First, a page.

Here’s a thought. If Mary Kay was truly a corporation that cared about its women, wouldn’t it have been a noble move for Sweeney to pull this woman aside and say, “Hon, I’m truly concerned about your financial situation. Inventory purchases, even at their lower levels, are not cheap investments. I cannot sit here and truthfully recommend you go with a full store. What I can recommend is that you shelve Mary Kay until you have had time to repair and rebuild your credit – and even then carefully consider what will be expected of you from your upline each month. This is truly about YOU, ma’am – being debt-free is more important than having a full store.
And then we all woke up – just in time to hear Sweeney’s take on husbands:
“Will your husband be a part of this decision-making process?”
“That’s good. Perfect.”
I couldn’t help but wonder if the “unintelligible” part was something along the lines of “It’s perfect that the burly brute won’t be sticking his manly nose into your Big Girl Business – can you get excited about that?”
This should outrage any decent wife. Here the Mary Kay Way involves bestowing the royal title of “Sir Doltington of Stumbling-Blocke” upon husbands. Never mind that the husband faithfully goes to work and consistently puts up with a co-worker nicknamed, “Taquito Aftermath” so you can not live under an expressway overpass – if he expresses so much as one thought that contradicts Mary Kay, he’s bitmis, as the Turks would put it. Finished.
Now we know why Corporate switched over to the black compacts – they incorporated a delightful new secured compartment in which to keep your husband’s dignity!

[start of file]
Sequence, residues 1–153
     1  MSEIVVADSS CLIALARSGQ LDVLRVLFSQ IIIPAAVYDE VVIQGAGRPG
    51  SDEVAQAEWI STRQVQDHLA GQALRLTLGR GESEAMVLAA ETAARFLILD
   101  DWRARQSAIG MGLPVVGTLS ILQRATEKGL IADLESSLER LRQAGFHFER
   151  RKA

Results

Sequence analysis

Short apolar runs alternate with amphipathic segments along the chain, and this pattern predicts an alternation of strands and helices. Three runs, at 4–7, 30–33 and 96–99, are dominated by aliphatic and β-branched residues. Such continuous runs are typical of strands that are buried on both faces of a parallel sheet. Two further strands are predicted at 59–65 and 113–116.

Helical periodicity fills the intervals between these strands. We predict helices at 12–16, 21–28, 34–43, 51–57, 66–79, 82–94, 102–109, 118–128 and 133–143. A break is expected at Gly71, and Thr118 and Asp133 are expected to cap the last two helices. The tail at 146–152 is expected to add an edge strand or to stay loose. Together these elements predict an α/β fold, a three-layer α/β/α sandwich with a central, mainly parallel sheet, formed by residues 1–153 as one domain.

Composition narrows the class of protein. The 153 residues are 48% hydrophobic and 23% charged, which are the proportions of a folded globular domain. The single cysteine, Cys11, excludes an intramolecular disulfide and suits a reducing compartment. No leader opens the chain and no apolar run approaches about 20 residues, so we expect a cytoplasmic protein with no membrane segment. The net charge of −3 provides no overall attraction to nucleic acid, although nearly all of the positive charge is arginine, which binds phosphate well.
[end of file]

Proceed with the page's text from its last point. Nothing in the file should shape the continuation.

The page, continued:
Let’s move on:
“What do you think he’s going to think about this situation?”
“Ohhh…I dunno…” (stilted laughter) No….a little nervous about that. Woooow…he’s gonna ask me why I need that much, but I understand that.”
“Your job with your husband is to sell him on it. He doesn’t have to get it. He’s not going to get it until you go to a class and come home with $400 cash. Don’t tell your banker or your husband that you’re scared if you want them to support you in the decision. If your banker says no, I need to send your information to my banker and see if you can get a credit card. Are you excited? I’m excited for you.”
The last soliloquy is simple to summarize:
1. Your husband is a witless worm who can be easily swayed with cash.
2. Fake it until you make it.
3. You are not leaving this room until you’ve placed an Emerald star order, so if you have to tinkle, Red Jacket Seaton’s got a water bottle you can use.
Dear consultants, what good’s selling from a full wagon if the wheels – the credit cards needed to roll that wagon – are broken? Please don’t whip out that flaming Visa just because the star prizes look irresistible or because your upline director wants to drive a pink car – shoot, if she wants to drive a pink car that badly, she can spray-paint my ancient ’76 Impala “Disco Fuscia” and glue a pink feather boa onto the bumper – it’d be cheap, fun, and way more original.
Confucius say, “Keep your credit away from Mary Kay –live to charge another day!”